Google is about to unleash a whirlwind of product announcements at Google I/O 2023, and we’ll be there live in Mountain View, Calif. to cover them all live when the developer conference gets underway this Wednesday (May 10). But having covered several of these events I’d like to make a prediction.

Everyone will be talking about the Google Pixel Fold. Yes, the Pixel 7a — which is likely to debut this week — sounds like it will be a good value. I also like that Google is thinking outside the box with the Pixel Tablet, which doubles as a smart display thanks to its magnetic speaker dock. And, yes, I’m aware that Google is about to give its search product a major upgrade with AI via Magi and Google Bard.

But it’s the Pixel Fold, already confirmed by Google, that has me the most excited about a foldable phones category that has gotten stale. Here’s why the Pixel Fold will steal the Google I/O show.

The Galaxy Z Fold 5 gets real competition

A leak-based render of the Samsung Galaxy Z Fold 5

(Image credit: Technizo Concept / Super Roader)

I’m intrigued by the upcoming Motorola Razr 40 Ultra and its larger cover display, but that’s a flip design that doesn’t excite me. The Google Pixel Fold promises to be a direct challenger to the upcoming Samsung Galaxy Z Fold 5.

It’s hard to believe that Samsung hasn’t had any real competition in the best foldable phones category when it comes to book-like designs now that the company is nearly five generations in. But I’m still glad Google is making a big push now.

There are other foldables on the way later this year, such as the OnePlus V Fold, but I think Google has a much better shot at taking on the champ. 

The world’s thinnest foldable

An render of the Google Pixel Fold, based on currently known rumors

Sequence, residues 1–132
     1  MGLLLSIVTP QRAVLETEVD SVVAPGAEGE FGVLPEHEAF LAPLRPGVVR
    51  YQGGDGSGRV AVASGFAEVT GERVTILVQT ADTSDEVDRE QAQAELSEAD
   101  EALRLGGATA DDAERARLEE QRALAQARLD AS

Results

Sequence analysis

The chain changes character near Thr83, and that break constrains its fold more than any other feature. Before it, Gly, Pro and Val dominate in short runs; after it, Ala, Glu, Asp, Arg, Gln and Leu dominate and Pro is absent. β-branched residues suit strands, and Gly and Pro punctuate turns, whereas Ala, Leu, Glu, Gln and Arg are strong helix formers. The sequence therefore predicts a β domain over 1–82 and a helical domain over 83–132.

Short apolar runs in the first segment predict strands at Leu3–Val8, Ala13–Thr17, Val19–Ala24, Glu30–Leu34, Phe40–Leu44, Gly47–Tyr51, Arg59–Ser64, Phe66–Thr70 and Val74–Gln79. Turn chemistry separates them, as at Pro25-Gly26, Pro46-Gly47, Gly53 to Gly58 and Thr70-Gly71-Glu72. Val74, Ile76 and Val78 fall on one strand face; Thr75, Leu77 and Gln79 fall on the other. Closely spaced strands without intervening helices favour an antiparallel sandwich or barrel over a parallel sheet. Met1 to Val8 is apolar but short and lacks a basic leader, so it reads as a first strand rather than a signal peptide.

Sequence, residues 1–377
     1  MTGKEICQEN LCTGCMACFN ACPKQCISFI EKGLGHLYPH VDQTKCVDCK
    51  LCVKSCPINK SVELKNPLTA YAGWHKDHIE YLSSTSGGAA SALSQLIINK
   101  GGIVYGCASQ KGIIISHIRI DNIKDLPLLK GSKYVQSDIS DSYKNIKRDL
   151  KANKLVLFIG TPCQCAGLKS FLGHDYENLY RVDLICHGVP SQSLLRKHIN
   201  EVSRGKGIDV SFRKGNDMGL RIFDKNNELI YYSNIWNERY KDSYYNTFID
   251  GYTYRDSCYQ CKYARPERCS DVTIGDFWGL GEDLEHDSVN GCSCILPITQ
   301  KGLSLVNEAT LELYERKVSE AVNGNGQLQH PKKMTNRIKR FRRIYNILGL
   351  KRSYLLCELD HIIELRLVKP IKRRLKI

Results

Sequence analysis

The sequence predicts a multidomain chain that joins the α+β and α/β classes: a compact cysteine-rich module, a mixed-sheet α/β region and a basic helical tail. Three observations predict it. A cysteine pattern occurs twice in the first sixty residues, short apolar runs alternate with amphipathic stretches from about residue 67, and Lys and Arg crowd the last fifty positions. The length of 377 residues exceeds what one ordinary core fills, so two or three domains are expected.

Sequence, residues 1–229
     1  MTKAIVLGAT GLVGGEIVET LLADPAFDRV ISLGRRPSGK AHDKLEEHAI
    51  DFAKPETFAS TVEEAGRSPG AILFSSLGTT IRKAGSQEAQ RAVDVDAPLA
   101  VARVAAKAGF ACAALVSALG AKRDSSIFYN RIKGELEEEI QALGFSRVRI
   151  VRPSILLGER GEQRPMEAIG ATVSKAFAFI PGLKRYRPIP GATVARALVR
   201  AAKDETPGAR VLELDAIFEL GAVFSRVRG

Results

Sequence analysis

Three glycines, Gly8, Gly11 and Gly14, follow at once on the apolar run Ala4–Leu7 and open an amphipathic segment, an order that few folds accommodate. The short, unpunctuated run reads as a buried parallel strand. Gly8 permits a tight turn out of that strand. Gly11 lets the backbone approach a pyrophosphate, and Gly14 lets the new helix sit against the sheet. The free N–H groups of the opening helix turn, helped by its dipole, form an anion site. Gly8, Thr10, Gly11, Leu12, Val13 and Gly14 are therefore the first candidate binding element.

(Image credit: OnLeaks/Howtoisolve)

Based on the rumors and leaks up until now, the Pixel Fold is tipped to be the thinnest foldable phone yet. The Pixel Fold reportedly measures 6.2 x 5.5 x 0.22 inches when open, compared to 6.09 x 5.1 x 0.24 inches for the Galaxy Z Fold 5. Having a slimmer design should make the Pixel Fold more comfy to hold over longer sessions, given that both handsets unfurl to reveal large 7.6-inch displays.

Google AI search feels like playing catchup

Google Bard on phone with Google logo in background

(Image credit: Shutterstock)

Since Google is behind Bing with ChatGPT when it comes integrating AI with search, it makes perfect sense that the company is going to unveil a new look for Google Search at Google I/O 2023. According to a report in The Wall Street Journal (opens in new tab), Google is moving away from the wall of blue links and will make AI part of the search experience (opens in new tab) instead of a separate tool like Google Bard

The report says we’ll see a makeover that’s “visual, snackable, personal, and human.” This new format will display AI chatbot conversations, short videos and social-media posts. That all sounds interesting and will likely impact billions, but at this point it just feels inevitable. 

Pixel 7a and Pixel Tablet have been leaked to death

Google Pixel 7a back

(Image credit: munchy)

I’m all for more hardware at shows like this, but with all the Google Pixel 7a and Pixel Tablet leaks and rumors up until now, I feel like these devices have been on the market for a while already.

Seriously, the Pixel 7a already has a hands-on video that’s out there, the Pixel Tablet already popped up on Amazon Japan for a short time. What’s left to show or tell about these gadgets? Of the two I’m more excited for the Pixel Tablet because at least Google is trying something different with tablets.

The Pixel 7a is aiming to be one of the best cheap phones under $500 with upgrades that reportedly include a 90Hz display, wireless charging and a better camera system. 

Android 14 sounds kind of meh

Android 14 logo on Pixel phone

(Image credit: Google)

To be fair, we could learn some exciting new Android 14 features that are consumer-facing during Google I/O, but what we’ve heard thus far doesn’t sound that thrilling. The biggest Android 14 upgrades we’ve seen so far are a replacement for the password in Passkeys, split ringtone and notification volume sliders and a predictive back gesture. You’ll also be able to have app clones so you have two instances of the same app.

But I’m personally interested to see how Android 14 pushes the envelope for bigger screen devices like — you guessed it — the Pixel Fold. Even if it takes months for the new OS to show up on Google’s shiny new foldable. 

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